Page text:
Report from Jan 25th NCC Board Meeting

Post date: Jan 26, 2012 5:24:32 PM

The topic of Phase 2B of the interprovincial crossing study was on the agenda of this board meeting. New information revealed during the meeting presentation (given by the lead consultant - Angela):

1. The project is behind schedule by several months. The next round (Round 2) of public consulations which were planned to happen in February are now projected to happen in April or May.

2. Informal meetings will be held with adjacent neighbourhoods for particular sub-sections of the various proposed alignments within each of the 3 corridors. These meetings are in addition to and will be held prior to the next round of public consultations. These are new meetings and are referred to as “Focused Segment Community Meetings”.

3. Some details emerged about the evaluation committee who will (after the Round 2 of public consulations are completed) perform the evaluation/comparison among the 3 corridors and recommend the preferred corridor. This committee will be composed of 3 people from each of the 5 partners (NCC, Province of ON, Province of Quebec, City of Ottawa, City of Gatineau) plus 3 people from the consultant team, and 2 more people selected from the public. The public members must be experts in a relevant field with 10+ yrs of experience. This team of people will be required to sign non-disclosure agreements and will probably do the evaluation over a multi-day meeting sometime between spring and fall 2012.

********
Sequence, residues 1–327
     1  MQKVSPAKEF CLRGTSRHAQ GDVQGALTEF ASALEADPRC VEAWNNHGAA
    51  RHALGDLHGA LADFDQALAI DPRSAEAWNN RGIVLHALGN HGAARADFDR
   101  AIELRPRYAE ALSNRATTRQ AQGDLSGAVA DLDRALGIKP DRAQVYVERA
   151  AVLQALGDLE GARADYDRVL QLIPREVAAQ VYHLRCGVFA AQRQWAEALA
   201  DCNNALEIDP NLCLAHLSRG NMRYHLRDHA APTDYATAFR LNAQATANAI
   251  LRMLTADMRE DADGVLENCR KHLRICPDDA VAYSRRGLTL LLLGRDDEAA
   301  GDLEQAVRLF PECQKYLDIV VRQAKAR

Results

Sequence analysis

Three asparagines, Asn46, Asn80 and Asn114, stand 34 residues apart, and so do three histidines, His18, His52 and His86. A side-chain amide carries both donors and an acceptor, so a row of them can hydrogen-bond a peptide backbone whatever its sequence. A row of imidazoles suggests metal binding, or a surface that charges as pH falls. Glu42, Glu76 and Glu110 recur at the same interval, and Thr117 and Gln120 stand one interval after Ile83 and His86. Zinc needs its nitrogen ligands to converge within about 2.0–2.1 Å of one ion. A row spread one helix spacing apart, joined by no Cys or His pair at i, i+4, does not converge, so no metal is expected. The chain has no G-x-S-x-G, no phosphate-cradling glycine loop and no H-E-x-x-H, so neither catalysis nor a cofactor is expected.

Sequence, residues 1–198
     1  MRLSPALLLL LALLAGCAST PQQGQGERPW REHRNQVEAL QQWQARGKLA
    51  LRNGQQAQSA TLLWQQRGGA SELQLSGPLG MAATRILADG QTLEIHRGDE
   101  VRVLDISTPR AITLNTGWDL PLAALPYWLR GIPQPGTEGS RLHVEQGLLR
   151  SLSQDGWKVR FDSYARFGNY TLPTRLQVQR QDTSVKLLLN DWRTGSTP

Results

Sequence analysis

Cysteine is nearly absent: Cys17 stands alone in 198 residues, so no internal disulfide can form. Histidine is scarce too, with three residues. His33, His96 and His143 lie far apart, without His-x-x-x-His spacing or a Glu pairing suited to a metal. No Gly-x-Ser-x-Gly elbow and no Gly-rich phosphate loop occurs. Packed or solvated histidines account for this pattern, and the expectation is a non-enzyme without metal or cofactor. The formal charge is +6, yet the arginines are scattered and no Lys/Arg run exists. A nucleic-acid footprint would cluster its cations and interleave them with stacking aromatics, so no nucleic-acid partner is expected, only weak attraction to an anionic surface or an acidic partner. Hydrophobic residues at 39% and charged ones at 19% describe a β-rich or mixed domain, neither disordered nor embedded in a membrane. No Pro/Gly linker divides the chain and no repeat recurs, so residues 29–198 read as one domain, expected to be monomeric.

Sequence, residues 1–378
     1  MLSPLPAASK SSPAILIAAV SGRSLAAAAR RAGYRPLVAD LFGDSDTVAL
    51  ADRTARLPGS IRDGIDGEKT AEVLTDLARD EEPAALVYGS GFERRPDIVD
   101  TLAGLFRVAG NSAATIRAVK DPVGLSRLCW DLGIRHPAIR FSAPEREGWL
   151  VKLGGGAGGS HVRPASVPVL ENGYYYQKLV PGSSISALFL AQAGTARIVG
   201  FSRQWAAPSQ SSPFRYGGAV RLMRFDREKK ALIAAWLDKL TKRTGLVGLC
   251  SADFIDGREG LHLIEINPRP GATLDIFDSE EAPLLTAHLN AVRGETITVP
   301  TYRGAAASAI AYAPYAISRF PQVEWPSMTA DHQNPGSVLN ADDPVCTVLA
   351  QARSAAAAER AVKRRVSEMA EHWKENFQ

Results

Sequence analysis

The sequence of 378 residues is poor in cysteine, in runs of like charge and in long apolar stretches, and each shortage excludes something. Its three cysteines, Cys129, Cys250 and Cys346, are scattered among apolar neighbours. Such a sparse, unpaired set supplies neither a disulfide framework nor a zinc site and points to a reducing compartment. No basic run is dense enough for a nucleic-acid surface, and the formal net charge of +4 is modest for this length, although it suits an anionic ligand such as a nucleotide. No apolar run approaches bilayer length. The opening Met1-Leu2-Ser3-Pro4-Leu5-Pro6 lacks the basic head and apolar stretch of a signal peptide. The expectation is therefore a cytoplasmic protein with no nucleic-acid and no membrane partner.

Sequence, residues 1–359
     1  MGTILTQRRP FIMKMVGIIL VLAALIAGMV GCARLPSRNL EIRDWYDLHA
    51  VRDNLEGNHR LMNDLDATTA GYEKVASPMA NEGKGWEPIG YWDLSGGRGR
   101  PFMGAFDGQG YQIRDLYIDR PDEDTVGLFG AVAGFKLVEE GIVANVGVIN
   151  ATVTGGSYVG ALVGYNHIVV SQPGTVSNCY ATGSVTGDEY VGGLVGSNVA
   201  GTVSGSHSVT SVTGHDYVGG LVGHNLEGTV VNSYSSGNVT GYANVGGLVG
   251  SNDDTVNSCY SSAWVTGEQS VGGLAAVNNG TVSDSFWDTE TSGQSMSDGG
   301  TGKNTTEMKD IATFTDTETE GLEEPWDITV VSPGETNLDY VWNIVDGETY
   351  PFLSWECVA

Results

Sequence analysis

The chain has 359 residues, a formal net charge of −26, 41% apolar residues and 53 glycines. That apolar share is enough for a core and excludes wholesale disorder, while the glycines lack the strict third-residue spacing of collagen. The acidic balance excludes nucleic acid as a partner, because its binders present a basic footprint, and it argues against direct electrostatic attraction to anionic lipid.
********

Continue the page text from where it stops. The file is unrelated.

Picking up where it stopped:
4. The NCC will hire a fairness auditor whose role is to give the public assurance that the consultants executed the study with impartiality and in accordance with the study design that was agreed to in Phase 2A.

It was good to see at this board meeting a reasonable number of questions to the consultant from some board members. The main questions could be summarized as follows:

a) several board members asked to understand better the 2 different techniques that will be used to compare/evaluate between the corridors (ie. the quantitative and the qualitative techniques) and to understand how these compared to the methods used in Phase 1.

b) one board member was concerned the hiring of the fairness auditor sets a precedent which will drive up costs for all successive consultations. She was told that this was a fairly common part of many public consultations now – particularly in provincial and federal projects.

c) a board member asked what were the problems in Phase 1 of the process which are being managed differently in the current phase. Marie Lemay jumped in to attempt to shut that line of questioning down as inappropriate. However after some discussion it was mentioned that what many people were unhappy about in phase 1 is that there was no public input allowed on the weighting of the different evaluation criteria and that in this Phase 2B study the public would have input into the weightings in round 2 of the consultations. The 2nd major change in Phase 2B is that both quantitative AND qualitative evaluation techniques would be used.

d) questions were asked about why the names of the individuals appointed to the evaluation committee (see point 3 above) would not be made public. The intention is to protect them from the potential of lobbying from the public.